NEWS
By Karen Hosler | August 29, 2011
Is it just me, or was there actually a time when ethanol was the great, green hope? Didn't Al Gore tell us it would fight global warming through cleaner motor vehicle emissions? Didn't George W. Bush promise this homegrown grain byproduct would reduce U.S. dependence on expensive foreign oil? And even though they had grave misgivings, didn't the folks at the tri-state Chesapeake Bay Commission conclude they had to embrace this political reality and make the best of it? I may have been the only dope who fell for any of this, but the U.S. Senate has set me straight.
NEWS
March 22, 2010
A proposal in the Baltimore City Council to help clean up the environment by limiting the use of plastic bags in shops and stores is a perfect example of a law so compromised by the demands of competing special interests that it ends up accomplishing nothing. The plan endorsed Tuesday by a City Council panel started out honestly enough. Three years ago, the council began considering proposals to deal with the mounting problem of plastic and paper bag waste accumulating on city streets.
SPORTS
By KEVIN VAN VALKENBURG | June 28, 2008
For the first time in NBA history, three freshmen were taken with the first three picks of the draft Thursday night. If Derrick Rose, Michael Beasley and O.J. Mayo turn into All-Stars, it will be a memorable day for the league. And it will be yet another sad day to look back on for the NCAA. Rose, Beasley and Mayo should have been in the NBA a year ago. But the league's new age restrictions forced them to spend a year on a college campus, biding their time until they could become eligible for the draft.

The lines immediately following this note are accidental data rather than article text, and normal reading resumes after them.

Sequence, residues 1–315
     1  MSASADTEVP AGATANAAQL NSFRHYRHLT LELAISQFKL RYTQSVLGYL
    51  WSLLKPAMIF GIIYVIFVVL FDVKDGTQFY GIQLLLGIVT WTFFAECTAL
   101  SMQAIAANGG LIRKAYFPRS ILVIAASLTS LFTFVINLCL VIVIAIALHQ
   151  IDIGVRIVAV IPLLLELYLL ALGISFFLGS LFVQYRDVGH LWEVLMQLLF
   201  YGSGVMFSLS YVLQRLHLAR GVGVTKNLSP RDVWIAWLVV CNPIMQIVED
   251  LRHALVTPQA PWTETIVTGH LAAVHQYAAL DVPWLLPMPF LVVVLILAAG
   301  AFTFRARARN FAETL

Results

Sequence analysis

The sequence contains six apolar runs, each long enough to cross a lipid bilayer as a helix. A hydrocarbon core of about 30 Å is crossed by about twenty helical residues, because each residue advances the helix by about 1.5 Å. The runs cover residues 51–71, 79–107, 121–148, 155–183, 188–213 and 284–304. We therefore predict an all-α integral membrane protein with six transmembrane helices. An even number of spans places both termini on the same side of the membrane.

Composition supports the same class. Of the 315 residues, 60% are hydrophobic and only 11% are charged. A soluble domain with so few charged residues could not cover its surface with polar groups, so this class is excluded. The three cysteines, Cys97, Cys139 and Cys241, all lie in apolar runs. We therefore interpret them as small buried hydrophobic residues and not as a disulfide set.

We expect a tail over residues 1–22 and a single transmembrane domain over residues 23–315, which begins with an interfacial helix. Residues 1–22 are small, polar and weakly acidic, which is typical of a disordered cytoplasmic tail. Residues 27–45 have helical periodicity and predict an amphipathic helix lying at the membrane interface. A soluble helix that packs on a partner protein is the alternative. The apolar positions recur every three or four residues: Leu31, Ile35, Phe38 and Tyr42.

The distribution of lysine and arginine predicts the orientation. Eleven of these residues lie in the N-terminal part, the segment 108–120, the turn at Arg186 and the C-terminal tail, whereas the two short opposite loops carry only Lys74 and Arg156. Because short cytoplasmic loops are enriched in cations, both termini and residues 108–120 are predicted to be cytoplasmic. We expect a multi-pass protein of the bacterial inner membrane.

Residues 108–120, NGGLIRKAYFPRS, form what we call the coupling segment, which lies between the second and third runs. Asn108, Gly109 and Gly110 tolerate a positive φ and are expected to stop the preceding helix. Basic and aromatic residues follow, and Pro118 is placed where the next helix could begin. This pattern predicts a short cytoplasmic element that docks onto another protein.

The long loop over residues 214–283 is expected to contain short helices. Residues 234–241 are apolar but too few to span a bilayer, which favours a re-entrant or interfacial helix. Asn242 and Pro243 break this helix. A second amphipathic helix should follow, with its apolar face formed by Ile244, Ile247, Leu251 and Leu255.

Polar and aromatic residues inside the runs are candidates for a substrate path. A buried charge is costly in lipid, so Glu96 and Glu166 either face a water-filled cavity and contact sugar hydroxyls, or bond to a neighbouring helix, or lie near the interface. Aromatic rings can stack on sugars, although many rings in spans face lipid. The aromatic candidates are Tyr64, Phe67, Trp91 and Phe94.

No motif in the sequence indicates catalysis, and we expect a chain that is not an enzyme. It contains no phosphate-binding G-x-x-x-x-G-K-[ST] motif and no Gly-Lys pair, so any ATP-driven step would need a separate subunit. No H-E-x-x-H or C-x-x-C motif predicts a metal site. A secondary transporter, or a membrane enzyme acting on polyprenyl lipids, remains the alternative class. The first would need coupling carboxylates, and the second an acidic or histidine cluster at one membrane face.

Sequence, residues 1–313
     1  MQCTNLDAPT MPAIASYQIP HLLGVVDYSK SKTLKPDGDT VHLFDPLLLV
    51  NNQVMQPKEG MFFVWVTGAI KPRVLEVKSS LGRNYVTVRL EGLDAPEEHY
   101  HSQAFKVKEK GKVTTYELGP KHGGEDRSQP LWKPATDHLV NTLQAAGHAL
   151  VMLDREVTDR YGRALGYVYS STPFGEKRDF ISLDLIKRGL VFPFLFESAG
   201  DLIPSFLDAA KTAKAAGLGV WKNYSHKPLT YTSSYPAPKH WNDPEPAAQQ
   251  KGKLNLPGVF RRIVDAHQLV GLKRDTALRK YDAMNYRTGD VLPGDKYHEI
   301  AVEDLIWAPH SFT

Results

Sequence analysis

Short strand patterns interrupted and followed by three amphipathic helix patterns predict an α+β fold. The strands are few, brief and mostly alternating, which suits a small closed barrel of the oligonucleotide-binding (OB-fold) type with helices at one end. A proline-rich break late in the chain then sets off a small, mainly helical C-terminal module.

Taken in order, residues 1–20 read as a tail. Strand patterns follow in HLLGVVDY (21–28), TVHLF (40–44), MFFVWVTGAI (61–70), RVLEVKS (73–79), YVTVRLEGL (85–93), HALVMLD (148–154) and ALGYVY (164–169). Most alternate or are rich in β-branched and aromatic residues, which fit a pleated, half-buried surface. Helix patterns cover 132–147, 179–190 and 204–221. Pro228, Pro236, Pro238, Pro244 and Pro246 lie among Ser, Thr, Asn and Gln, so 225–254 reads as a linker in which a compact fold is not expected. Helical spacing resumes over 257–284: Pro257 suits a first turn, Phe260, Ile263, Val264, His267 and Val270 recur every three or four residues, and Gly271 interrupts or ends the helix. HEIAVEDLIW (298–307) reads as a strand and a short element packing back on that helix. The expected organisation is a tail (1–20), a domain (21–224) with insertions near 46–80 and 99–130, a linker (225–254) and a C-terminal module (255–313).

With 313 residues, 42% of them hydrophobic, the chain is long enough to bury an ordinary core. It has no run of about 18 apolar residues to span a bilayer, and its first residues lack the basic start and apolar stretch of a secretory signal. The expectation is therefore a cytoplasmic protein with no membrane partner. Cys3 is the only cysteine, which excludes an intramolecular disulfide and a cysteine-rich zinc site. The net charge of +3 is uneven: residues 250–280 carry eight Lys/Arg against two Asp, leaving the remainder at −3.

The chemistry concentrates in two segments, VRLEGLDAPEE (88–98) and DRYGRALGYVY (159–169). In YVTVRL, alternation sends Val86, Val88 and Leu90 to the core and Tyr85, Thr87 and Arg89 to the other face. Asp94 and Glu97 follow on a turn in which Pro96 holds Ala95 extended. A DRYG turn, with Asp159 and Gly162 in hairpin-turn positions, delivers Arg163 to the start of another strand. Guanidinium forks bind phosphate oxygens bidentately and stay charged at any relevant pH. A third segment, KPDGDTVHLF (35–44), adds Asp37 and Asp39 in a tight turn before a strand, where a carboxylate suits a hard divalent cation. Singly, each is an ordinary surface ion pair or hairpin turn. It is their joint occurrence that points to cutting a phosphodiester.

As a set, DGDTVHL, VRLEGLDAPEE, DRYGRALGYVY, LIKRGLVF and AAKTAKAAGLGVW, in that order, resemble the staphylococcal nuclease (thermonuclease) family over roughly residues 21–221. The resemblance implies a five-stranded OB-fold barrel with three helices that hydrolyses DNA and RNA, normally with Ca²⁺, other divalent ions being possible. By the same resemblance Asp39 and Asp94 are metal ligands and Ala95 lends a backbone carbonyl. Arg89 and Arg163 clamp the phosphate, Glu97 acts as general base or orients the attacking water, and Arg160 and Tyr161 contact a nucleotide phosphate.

NEWS
By ELLEN GOODMAN | January 30, 2006
BOSTON -- Now that it's all over but the accusations, let's take a minute to check the reviews. The performance, no, excuse me, the confirmation hearings of Judge Samuel Alito Jr., were most often described by political drama critics as a "charade" or a bit of "Kabuki" theater. Charade is, of course, a "pointless act," emphasis on the act. But charade is also a game played in pantomime, and these hearings were anything but silent. Someday we may label them "talkings" instead of "hearings."
FEATURES
By Chris Kaltenbach and Chris Kaltenbach,SUN MOVIE CRITIC | November 22, 2002
Few actors could be as effortlessly dominant as the late James Coburn, the subject of a three-film tribute airing Sunday night on Turner Classic Movies. And nowhere was that talent better displayed than in the film that brought him his first taste of big-screen fame. Coburn, who died at age 74 Monday after suffering a heart attack at his Beverly Hills home, earned his acting stripes on television, appearing in dozens of dramas (often aired live) during the 1950s. But it was in John Sturges' 1960 Western, The Magnificent Seven (7:30 p.m.)
NEWS
By STEVE CHAPMAN | January 11, 2006
CHICAGO -- President Bush's nomination of Samuel A. Alito Jr. to the U.S. Supreme Court was supposed to set off a war. After the smooth, smiling, bulletproof John G. Roberts Jr., Judge Alito looked like a fat target for Democrats. A sitting judge with a long paper trail, he had the reputation of being as conservative as Justice Antonin Scalia -- and he would replace a moderate, Sandra Day O'Connor. Interest groups on both sides were primed for all-out combat. But two months later, the looming war looks more like a paintball contest: a choreographed romp that may leave the antagonists a bit spattered but will spill no blood.
SPORTS
July 9, 2005
O's must not copy Yankees and Red Sox I am tired of hearing quote after quote from each Oriole falsely reassuring each Orioles fan that this team will soon turn things around. That is a disservice to this great city and loyal fan base. It is about time that this franchise admits its wrongdoings. The Orioles have been stuck in an identity crisis. Like the kid who just joined a new school, the Orioles have been trying to emulate the Yankees and the Red Sox, matching power for power. From Albert Belle to Sammy Sosa, the Orioles have tried to borrow someone else's recipe for success.